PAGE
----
On 08/27/2013 01:17, Perry E. Metzger wrote:
> On Mon, 26 Aug 2013 17:39:16 -0400 The Doctor <dr...@virtadpt.net>
> wrote:
>> On 08/26/2013 09:26 AM, Perry E. Metzger wrote:
>>> Mix networks are, however, a well technique. Onion networks, which
>>> are related, are widely deployed right now in the form of Tor, and
>>> work well. I see little reason to believe mix networks would not 
>>> also work well for instant messages and email (see my other
>>> thread, begun yesterday.)
>> What is considered acceptible latency these days for IM or e-mail?
>> Supposedly, the highest acceptible latency for web browsing before
>> the user gets bored and closes the tab is two or three seconds
>> (supposedly...), so where would the lag for e-mail or IM fall
>> anymore before users give up on it?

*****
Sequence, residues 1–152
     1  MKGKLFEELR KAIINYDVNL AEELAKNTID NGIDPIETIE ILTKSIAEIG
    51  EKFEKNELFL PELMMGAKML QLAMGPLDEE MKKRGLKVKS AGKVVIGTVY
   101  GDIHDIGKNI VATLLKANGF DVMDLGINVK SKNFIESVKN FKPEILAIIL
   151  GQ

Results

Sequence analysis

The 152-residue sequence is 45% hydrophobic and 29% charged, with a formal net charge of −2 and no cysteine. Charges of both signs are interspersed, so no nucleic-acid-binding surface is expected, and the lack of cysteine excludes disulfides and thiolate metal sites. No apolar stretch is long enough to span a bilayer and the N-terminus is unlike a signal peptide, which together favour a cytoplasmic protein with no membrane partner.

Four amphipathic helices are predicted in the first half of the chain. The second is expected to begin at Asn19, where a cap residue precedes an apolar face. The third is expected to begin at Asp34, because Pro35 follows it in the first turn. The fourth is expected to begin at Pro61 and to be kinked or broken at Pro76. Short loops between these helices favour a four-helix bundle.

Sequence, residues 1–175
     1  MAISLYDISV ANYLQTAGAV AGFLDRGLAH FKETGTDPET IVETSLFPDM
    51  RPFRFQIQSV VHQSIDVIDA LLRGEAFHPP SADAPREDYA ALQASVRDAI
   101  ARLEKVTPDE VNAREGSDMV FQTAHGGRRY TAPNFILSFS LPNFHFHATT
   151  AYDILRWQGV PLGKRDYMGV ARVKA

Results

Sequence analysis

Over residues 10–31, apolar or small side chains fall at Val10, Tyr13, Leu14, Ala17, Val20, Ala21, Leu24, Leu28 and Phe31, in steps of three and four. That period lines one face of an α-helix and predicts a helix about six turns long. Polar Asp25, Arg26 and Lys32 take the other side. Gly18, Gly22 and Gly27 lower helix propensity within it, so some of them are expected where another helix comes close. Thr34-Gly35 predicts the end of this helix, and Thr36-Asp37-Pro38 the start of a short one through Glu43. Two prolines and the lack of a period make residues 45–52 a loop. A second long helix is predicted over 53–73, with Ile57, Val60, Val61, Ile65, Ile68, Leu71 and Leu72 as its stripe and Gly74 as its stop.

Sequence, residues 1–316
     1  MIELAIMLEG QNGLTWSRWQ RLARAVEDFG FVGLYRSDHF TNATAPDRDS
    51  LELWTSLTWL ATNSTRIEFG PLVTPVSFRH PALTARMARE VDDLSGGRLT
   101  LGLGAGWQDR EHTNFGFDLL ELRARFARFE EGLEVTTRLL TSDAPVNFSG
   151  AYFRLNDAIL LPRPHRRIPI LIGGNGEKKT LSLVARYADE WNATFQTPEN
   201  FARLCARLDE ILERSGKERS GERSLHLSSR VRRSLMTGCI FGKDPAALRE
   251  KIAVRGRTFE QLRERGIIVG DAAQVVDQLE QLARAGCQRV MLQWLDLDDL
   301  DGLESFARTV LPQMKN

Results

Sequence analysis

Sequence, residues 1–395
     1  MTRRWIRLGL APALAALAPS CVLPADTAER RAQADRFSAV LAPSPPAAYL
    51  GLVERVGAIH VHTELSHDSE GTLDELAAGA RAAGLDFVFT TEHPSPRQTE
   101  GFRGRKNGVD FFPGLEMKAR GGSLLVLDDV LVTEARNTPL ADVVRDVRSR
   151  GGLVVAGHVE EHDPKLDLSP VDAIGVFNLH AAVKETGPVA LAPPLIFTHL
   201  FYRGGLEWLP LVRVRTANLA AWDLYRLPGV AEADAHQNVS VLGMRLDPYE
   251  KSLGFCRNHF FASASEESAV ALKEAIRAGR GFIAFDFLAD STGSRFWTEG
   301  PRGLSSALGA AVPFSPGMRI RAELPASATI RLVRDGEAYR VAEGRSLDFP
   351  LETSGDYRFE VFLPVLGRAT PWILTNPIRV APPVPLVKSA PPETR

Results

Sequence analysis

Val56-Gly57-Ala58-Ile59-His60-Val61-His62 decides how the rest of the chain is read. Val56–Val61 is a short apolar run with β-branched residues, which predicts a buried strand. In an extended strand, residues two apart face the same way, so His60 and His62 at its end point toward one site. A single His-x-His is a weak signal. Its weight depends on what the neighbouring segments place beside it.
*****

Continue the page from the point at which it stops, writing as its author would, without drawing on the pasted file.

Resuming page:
> I think tolerance for delays on the web is actually much lower than
> that -- even a full second probably drives many users away. That's
> why Tor has a much harder problem.
> In Email, however, no one really knows their latency -- it is rare
> that someone actually is aware that a message has just been sent. I
> routinely have SMSes take seconds to go through and yet I use
> SMS.

I'd agree with this. On the Web, people are impatient because they're
trying to complete a transaction in real time. It's very rare to expect
an immediate response by email. With IM it depends on the individual
conversation and the feedback you're getting. eg, if you're chatting
with someone in real time and the software shows you the other person is
typing a reply you'll wait, while if there's no feedback you may just
assume they've left the room for some reason. But either way, it's not

Latency issues really apply much more to things that stream - audio,
video, voice calls. And high-speed trading, but that seems beyond the
scope of this conversation.

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